14 Polite Habits Bartenders Secretly Hate—and What to Do Instead

Front view of dirty empty crystal wine glasses, plate, napkin and fork on a bar table with a metallic buckt with some opened wine bottles with cork and a beer faucet without jar at the back. Horizontal photography.


Stuffing napkins, straw wrappers or other trash into your cup

Cleaning up the mess in front of you is a kind gesture, and one that the bussers and bartenders definitely appreciate. But while stuffing all the trash into a glass may look contained and tidy, it actually creates more work. “Now I have to stick my fingers inside the used glasses and fish out soggy napkins,” Joe says.

Do this instead: If you see a trash can, put your trash directly in it. Otherwise, gather the trash in a pile on the table instead of stuffing it in your used glasses. This is also good etiquette at Italian restaurants and pretty much all others.

Young Hispter Bartender Talking With Customers

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Telling them your life story

Bartenders are often seen as kind and sympathetic, and you may feel like it’s an honor to trust them with your problems. Plus, they could use the company, so it’s a win-win, isn’t it? Not exactly. For starters, they’re not therapists. And second, they’re working! “Sometimes customers will sit and chat with me for my whole shift, insisting on keeping me company, telling me they don’t want me to get bored or even saying they’re protecting me from other people who might have bad intentions,” say Miner. “But while I appreciate the thought, they’re rarely helpful, and they can make me miss out on tips.”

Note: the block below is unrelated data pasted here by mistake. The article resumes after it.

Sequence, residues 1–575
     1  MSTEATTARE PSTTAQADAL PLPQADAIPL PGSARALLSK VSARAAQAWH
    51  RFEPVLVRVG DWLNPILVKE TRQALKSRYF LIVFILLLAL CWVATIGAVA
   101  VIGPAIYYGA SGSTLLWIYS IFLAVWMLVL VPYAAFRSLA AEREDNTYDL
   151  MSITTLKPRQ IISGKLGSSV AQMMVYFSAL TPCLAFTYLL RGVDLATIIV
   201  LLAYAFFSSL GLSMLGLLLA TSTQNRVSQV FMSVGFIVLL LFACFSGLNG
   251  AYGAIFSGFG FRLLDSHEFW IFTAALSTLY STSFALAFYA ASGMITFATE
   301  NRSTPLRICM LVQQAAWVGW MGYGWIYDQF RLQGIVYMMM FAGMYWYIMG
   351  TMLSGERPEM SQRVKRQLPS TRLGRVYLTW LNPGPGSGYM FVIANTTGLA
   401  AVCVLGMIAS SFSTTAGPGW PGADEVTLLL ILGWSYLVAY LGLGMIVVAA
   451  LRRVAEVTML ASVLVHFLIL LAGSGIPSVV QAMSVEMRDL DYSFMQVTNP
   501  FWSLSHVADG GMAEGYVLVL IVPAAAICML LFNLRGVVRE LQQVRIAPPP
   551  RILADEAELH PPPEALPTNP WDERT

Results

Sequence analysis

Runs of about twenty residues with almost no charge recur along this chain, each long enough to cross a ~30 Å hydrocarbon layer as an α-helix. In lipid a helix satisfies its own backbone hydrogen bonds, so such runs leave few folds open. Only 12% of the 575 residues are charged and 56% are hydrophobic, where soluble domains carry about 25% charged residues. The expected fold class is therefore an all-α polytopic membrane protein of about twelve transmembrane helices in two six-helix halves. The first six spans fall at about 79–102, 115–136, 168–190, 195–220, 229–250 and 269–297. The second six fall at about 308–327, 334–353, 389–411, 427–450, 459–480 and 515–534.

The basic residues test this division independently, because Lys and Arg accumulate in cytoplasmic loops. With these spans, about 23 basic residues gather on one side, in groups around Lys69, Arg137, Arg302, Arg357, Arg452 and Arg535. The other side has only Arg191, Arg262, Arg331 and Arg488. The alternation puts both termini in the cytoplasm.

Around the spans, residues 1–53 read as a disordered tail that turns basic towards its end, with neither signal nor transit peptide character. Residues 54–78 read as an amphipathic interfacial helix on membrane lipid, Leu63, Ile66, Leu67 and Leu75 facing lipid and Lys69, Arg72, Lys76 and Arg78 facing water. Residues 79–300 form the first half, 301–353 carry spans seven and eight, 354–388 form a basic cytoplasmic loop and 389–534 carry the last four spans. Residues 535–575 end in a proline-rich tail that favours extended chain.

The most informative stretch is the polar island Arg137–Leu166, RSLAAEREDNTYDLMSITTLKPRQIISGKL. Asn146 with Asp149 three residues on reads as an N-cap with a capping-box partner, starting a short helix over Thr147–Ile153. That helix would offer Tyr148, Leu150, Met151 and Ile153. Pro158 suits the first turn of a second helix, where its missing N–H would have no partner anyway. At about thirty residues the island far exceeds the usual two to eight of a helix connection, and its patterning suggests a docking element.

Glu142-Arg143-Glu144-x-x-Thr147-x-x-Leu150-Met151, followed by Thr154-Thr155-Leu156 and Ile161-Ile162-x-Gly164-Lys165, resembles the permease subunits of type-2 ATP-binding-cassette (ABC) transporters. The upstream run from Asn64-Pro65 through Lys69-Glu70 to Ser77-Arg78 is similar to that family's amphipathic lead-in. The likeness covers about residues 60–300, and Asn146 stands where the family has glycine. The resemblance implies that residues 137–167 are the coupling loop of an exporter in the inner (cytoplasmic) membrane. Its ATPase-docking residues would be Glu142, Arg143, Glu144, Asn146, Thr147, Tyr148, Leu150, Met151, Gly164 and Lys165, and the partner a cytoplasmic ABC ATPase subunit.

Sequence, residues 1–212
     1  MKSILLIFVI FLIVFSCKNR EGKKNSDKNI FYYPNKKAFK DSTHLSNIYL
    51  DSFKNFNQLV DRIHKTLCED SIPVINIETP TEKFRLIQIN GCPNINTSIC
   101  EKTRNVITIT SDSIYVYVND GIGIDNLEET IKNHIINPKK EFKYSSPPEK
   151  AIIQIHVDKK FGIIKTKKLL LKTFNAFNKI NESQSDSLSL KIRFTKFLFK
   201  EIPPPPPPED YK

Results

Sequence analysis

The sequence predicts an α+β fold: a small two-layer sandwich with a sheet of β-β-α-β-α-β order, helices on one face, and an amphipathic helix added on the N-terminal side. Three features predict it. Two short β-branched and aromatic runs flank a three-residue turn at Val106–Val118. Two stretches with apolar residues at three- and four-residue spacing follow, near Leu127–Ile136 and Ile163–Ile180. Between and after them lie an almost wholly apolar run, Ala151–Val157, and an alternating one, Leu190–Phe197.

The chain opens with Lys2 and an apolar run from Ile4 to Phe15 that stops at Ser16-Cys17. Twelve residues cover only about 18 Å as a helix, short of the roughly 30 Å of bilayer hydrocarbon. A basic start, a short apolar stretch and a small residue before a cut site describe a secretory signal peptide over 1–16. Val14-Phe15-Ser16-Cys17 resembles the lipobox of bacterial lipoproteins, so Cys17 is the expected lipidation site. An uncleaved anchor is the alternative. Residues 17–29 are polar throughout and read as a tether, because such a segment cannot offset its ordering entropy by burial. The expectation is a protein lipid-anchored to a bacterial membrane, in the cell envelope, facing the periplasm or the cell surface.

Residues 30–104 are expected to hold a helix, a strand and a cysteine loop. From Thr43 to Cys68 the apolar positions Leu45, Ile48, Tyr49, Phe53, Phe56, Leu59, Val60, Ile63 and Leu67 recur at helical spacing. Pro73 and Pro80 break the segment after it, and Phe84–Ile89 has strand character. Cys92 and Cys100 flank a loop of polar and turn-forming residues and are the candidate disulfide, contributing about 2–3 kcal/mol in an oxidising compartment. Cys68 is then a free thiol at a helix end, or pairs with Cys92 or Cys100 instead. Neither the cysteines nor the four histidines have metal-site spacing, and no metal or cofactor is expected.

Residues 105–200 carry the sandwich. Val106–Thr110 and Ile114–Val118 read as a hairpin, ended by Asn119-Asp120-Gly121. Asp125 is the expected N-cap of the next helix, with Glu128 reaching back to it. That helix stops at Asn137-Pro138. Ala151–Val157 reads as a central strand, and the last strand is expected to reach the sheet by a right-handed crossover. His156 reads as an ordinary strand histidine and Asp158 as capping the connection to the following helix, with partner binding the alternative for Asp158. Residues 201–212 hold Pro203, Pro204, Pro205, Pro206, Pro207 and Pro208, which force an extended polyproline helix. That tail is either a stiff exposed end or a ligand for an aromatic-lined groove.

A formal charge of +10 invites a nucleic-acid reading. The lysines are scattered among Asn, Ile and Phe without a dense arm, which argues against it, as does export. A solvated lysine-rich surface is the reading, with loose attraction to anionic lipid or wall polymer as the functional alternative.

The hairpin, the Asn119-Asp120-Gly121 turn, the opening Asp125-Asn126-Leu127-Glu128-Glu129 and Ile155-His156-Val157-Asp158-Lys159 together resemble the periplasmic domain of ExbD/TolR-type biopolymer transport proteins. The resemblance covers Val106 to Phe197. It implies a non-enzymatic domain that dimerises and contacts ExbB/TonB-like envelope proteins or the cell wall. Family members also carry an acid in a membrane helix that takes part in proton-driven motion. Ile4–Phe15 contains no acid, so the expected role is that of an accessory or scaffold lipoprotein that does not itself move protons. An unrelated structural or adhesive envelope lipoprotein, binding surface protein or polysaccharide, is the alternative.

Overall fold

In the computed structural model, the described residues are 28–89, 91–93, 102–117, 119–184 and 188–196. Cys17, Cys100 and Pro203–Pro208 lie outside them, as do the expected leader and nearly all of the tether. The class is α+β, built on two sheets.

Do this instead: “When it’s slow, I don’t mind listening, but the truth is that we’re there to do our job, and we usually have lots of people to serve,” says Joe. “So be friendly and smile, but don’t keep chatting if we’re busy.” If you need some company, there are always the other patrons. Check out these conversation starters to help with small talk.

Smiling woman at the counter of a bar watching barkeeper preparing a cocktail

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Asking them out

Did that cute bartender give you a special smile or touch your hand when giving your card back? Does that mean he or she likes you? Probably not. “We’re not into you, we’re not flirting with you and we do not want to go home with you,” says Miner. “Being kind and nice is part of our job. That’s it.”

Also, don’t ask what time they get off or where they live. That can come across as creepy and even threatening. Flight attendants also wish you would avoid this type of behavior.

Do this instead: Never assume your bartender is flirting with you. However, if you want to roll the dice on your own meet-cute story, it’s OK to give them your number on a napkin and leave the ball in their court, Miner says.

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